Politics is not about policies. Why the politicians are failing.

Today the FT’s excellent Janan Ganesh writes on how the British Conservatives are failing to get the ethnic minority vote (£). Also this morning two opinion polls showed that the Labour Party had lost its poll lead to the Conservatives. We can add the Liberal Democrats and the Greens to the list of underperforming political parties in Britain, leaving the field clear for the insurgent Ukip. Mr Ganesh points to a reason for the Conservatives’ failure, that applies just as much to others (except the Greens perhaps).

Mr Ganesh says that the problem is that politicians “…think politics is about policy.” And yet voters hardly know what policies the particular parties stand for. The Conservatives note that conservative values and fear of immigration are at least as prevalent in ethnic minorities as elsewhere. So they freely talk about immigration being excessive and about the need for stronger controls. And yet all this heightens voters’ suspicions that the party is not inclusive. The Conservatives have been here before. In the 2001 election they went down to a catastrophic defeat after pushing policies (on Europe in particular, as well as immigration) that seemed to play well with voters, and yet heightened their reputation as the most toxic brand in politics. They fared little better in 2005, when they tried similar “dog whistle” tactics. Their fortunes only changed when David Cameron went to prodigious efforts to de-toxify the Tory brand by advocating policies (environmentalism, gay marriage, and so on) that could distinguish the party from their former selves. Unfortunately for them, this change did not go deep enough into the party’s inner being, and it is wearing thin.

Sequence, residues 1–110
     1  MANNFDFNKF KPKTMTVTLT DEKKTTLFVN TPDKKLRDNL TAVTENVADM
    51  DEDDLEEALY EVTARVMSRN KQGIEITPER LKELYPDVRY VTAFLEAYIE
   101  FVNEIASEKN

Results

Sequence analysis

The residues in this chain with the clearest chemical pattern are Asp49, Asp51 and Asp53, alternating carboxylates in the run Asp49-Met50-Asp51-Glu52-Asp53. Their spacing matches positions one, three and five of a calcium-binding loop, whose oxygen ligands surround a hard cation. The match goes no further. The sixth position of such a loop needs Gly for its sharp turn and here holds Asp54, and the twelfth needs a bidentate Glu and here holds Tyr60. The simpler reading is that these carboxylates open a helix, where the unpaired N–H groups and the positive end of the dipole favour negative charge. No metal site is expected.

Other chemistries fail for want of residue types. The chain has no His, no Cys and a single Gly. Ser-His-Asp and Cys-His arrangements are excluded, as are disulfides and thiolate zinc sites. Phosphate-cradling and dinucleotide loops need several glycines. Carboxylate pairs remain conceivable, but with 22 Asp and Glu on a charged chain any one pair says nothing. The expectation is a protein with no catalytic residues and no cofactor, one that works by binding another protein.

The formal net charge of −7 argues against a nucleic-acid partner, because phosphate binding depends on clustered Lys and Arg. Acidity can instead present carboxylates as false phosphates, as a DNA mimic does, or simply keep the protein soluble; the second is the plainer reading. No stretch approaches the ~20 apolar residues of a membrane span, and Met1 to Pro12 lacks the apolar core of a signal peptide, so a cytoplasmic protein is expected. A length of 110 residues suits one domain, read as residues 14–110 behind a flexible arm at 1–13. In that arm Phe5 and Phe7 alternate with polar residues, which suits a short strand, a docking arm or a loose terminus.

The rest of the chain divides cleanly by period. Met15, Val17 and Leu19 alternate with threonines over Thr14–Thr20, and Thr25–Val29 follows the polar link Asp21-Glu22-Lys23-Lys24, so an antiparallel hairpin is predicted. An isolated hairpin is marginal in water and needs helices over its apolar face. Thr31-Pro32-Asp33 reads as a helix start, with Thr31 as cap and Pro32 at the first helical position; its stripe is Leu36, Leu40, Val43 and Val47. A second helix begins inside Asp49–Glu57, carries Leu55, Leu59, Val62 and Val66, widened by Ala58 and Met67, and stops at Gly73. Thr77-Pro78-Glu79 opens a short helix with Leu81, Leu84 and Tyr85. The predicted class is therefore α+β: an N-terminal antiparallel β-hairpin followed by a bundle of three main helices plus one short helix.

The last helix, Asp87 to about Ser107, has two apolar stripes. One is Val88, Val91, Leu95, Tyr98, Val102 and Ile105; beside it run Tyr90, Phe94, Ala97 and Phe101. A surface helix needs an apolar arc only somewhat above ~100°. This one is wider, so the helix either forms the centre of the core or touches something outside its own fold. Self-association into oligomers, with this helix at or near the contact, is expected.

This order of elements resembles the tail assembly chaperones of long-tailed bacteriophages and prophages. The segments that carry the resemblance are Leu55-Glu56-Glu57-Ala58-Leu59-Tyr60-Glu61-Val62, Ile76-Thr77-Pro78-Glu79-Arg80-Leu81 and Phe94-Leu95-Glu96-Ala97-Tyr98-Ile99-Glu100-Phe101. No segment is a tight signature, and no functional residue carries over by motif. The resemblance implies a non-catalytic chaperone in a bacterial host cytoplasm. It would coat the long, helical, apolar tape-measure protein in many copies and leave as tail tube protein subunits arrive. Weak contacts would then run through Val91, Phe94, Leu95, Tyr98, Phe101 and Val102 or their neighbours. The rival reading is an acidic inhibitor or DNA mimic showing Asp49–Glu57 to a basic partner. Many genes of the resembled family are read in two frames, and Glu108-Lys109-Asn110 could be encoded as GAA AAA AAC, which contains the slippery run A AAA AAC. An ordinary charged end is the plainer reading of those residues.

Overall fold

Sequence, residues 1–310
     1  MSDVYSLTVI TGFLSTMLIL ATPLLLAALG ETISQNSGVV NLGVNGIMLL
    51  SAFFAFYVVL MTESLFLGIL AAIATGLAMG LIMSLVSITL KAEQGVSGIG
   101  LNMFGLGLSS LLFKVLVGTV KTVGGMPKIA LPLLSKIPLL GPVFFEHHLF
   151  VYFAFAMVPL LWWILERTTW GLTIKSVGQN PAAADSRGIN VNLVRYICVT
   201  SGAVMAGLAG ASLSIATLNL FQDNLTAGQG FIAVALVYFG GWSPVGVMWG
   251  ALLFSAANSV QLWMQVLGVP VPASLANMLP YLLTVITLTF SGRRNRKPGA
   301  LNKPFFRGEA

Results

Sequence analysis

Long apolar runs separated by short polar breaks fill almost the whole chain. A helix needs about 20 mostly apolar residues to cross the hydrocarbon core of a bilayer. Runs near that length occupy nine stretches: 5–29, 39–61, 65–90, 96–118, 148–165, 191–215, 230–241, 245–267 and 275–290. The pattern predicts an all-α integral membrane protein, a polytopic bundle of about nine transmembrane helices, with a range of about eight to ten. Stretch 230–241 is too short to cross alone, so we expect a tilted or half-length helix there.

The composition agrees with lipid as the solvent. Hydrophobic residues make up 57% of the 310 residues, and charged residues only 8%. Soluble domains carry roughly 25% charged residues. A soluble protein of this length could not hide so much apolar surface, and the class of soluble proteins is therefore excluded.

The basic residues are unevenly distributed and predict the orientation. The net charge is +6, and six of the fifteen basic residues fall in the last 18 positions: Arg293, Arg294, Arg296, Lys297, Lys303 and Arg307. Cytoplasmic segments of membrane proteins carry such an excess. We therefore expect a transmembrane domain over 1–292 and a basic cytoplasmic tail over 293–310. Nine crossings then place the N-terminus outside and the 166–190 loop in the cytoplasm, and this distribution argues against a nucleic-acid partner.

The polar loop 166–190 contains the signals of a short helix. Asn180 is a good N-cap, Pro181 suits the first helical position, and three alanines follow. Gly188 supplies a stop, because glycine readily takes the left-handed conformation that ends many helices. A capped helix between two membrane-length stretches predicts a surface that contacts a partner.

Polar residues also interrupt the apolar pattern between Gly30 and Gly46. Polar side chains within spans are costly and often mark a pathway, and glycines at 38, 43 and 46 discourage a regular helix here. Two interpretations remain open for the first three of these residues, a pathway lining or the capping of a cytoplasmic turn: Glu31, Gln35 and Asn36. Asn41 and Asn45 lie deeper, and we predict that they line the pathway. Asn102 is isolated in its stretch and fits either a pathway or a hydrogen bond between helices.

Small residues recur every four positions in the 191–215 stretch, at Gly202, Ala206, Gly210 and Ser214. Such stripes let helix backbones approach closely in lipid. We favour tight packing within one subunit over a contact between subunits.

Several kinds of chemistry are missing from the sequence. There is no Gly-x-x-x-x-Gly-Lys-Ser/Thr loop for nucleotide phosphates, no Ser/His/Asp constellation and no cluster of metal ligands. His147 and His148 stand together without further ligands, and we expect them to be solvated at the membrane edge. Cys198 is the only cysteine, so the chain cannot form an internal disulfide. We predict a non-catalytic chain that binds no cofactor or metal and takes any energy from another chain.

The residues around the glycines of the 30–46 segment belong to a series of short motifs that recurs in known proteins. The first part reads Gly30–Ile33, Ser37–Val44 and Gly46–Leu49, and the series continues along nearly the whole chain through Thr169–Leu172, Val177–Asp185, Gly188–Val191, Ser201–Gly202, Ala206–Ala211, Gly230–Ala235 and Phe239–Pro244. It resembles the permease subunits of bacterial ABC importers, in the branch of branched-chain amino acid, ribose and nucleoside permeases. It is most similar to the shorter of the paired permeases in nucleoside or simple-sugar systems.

Labour seem to be in a similar fix. They have used a lot of clever researchers to fix on a series of populist policies. These include fixing energy prices and controlling private rents. All these policies, apparently, play well with focus groups. Also they have chosen “the cost of living crisis” as their overarching theme – since many voters feel hard done by in the aftermath of the recent economic crisis. And yet their poll ratings are fading. The policies are popular but they are damaging the Labour brand – or at least doing nothing to strengthen it.